I just spilt some tea on it, a liberal amount. Accidental of course, but probably the best damage that can be done to a book. Darkened marks bordering the pages, still slightly damp, but soon to dry out and harden; soon to resemble a crispen old map. A lucky strike for the book’s next holder.
Some previous reader has neatly highlighted a passage on page 15. Not my friend; the highlighting is far too perfect, and the passage far too insignificant. Likely a notation by a young scholar, in search of critiqueable technique. Perhaps a guidance from their teacher; “Now I shouldn’t be telling you this, but these lines may help for your exam.”
We would clear out old lockers for detentions; cut off the padlocks with rusty tools that made us feel like men. Inside was a mystery, sometimes empty with nothing, sometimes empty with something. Items that are masked with the enchanting allure of discovery, but soon reveal the reasons they were left behind.
That nylon string still plays well. I strum chords inevitably when I wait in my friend’s room, as he puts on his tennis socks and for a few minutes I savour the refreshment of playing a foreign guitar; it always feels nicer than yours.
I was born again this morning
I saw seagulls for the first time
Their flight never so graceful
I saw the thin sprawl of waves
The limbs of the sea
Multiplying as far as earthly possible upon the shore.
I felt a smooth stone, cold against my cheek
Encased by a salty fragrance
Absorbed by every pore of my skin.
I was concerned with nothing
Save the patterns of nature
Its habits and cycles, tendencies
I have a towel, but I shall not use it
Out of respect for the sun
I sit patiently and let the droplets of water find their way from my body to the sandy ground from whence they came
Ready to begin their unconscious cycle of life once more.
As I run at a wave, I feel the power of the system that is my body return once more
Endorphins released, my mouth reacts with a smile
I am in my body again, no longer a clear mind informed by the senses
But a slave to chemical imbalance, emotion.
All you want to do is trace your finger over the ribbed outline of Mother Mary, trapped in cathedral glass. But she is exalted on the wall, the kind of beauty that you can never really reach. Shapes tessellate the window, like sunlight at the bottom of a rockpool, but in beautiful cellophane colours, and warmly translucent. Regardless of one’s religion, who could argue against the extraordinary beauty of cathedrals. Of course people marry here.
The glass is stronger than brittle. The white light allowed through is humbled into its constituent colours, painting the floor iridescent. A holy high roof occasionally blessed by birds. I was baptised in a cathedral, and all the rest, and will likely marry in one; have my funeral in one. I don’t think I believe in God, and I’m not sure of any Providence, but for me, Mother Mary is not a spirit, but a warm blanket on cold nights. Jesus is not a god, but that reminder in your head, when you’re caught in a downpour, to smile at the decision to leave your umbrella at home, because you haven’t had a true shower like this in years, and you have never felt more liberated. I think that’s what the disciples were talking about. The Buddhists, Taoists, Judaists, Muslims, I think that’s what they meant when they spoke of enlightenment and faith, but it all got muddled somewhere along the way.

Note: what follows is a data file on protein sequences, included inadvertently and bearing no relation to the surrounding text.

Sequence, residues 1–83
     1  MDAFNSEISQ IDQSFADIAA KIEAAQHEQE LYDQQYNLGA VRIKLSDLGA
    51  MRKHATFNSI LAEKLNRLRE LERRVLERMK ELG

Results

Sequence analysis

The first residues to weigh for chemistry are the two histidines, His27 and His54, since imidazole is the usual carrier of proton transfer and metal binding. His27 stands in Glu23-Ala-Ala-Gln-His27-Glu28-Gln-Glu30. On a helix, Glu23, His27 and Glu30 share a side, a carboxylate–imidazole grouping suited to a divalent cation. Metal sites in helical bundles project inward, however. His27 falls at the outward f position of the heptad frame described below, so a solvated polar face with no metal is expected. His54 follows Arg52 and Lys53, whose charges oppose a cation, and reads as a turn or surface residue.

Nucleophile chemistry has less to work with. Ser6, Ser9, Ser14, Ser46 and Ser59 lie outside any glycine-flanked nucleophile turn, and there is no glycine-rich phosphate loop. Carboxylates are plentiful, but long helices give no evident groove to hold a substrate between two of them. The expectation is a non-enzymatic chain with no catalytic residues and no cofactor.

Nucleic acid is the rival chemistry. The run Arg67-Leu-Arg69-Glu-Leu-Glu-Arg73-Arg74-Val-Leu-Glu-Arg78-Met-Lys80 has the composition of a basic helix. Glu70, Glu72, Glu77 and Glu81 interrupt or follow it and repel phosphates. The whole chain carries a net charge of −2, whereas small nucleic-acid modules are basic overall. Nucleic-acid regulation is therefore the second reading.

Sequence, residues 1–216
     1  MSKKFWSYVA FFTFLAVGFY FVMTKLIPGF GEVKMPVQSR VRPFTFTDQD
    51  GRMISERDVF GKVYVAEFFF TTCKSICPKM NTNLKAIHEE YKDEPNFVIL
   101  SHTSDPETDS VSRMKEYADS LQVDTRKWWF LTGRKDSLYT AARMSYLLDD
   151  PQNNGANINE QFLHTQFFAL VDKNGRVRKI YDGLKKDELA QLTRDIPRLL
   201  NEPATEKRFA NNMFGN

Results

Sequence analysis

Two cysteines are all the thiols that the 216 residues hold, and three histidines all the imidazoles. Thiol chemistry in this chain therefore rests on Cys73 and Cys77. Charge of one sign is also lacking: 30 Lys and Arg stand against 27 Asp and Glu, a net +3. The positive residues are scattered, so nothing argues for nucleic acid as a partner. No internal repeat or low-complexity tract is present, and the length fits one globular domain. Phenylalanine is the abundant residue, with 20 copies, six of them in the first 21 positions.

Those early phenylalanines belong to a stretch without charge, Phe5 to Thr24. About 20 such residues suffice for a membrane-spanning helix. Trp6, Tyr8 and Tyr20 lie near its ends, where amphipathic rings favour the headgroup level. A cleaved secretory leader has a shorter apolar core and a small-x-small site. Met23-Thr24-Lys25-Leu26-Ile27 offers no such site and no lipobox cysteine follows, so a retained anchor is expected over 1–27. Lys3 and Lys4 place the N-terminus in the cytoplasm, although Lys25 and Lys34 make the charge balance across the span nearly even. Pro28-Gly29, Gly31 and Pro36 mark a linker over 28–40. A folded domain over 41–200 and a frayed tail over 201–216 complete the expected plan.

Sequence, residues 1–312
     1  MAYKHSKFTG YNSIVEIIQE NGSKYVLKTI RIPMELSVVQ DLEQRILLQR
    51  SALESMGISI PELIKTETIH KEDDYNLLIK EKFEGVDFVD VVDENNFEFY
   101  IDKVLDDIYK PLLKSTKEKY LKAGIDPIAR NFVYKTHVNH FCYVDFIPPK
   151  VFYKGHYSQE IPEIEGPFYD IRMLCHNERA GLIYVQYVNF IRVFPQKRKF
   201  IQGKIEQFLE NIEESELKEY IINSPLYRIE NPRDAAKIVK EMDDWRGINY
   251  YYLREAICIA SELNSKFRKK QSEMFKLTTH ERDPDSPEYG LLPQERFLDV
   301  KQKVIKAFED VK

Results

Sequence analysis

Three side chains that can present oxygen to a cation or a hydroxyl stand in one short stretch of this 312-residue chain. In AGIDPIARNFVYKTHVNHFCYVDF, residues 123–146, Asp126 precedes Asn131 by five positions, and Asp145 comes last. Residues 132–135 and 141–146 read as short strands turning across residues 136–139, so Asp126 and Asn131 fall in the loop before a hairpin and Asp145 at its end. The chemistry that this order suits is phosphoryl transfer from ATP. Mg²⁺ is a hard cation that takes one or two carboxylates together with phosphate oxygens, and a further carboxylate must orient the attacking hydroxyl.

Fruit of a tree (at a local park)
A man of possibly Pakistani descent. A boy really, somewhere in his low twenties. Tall, dark, tracksuited, serious. He’s on the phone, relaying his membership number to someone, somewhere. He starts with the first two numbers, pauses to ensure comprehension on the other end, continues two at a time.
A mother and her children, flying a kite with an absurd face constructed of pink crate paper. Bright and ugly, and magnificent. And it flies! Harness the wind, harness the world. Relief for the mother, joy for the children, even when it falls.
An old lady, steps as steady as navy. She wears tan and currant, dressed wonderfully warm against the Autumn air. Another old lady, wearing sunflower yellow. Her cardigan drapes her forearms, to a typical stroller. They greet in passing, friends unacquainted, and follow opposing sides of the same pavement loop. Separate paths to an end.
The one in tan-currant stops and speaks to me, too, unaware of her new life on my paper. She praises the sun, and I praise the wind. We both praise autumn. She smiles at my gratefulness and walks on in knowing.
Fruit of a tree; sitting in the sun, counting our blessings.
Slight as a butterfly, you landed me. The Italians call it ‘farfalla’. La farfalla è bella.
There’s something beautiful about that name - like it embodies perfectly how a butterfly floats; swims in the ebbs and flows of the wind. And here you are - my fullest flood, the end of all ebbs.
Feet pink and small, eyes wide like you’ve never seen the world before; on this rare occasion that is no exaggeration. From pain you were birthed, and until you go, that is the last of it. Oh beautiful! Oh butterfly!
‘Papillon’ say the French - papillon pappilon sweet like a pitcher of pink lemonade. I’ll hold you ever so gently, like water from a river, in the cup of my hands - that river I’ve been seeking along the trail of my life. Parts of you may slip through the cracks, my hands are only human - but every droplet that remains I’ll treat like prize.
Spain calls them ‘mariposa’. From (virgin) Mary + ‘posare’ - alight, as it alights and rests, flies and rests. Yes, that is you - she who alights and rests, she who portrays the beauty that generations have idolised. Mary.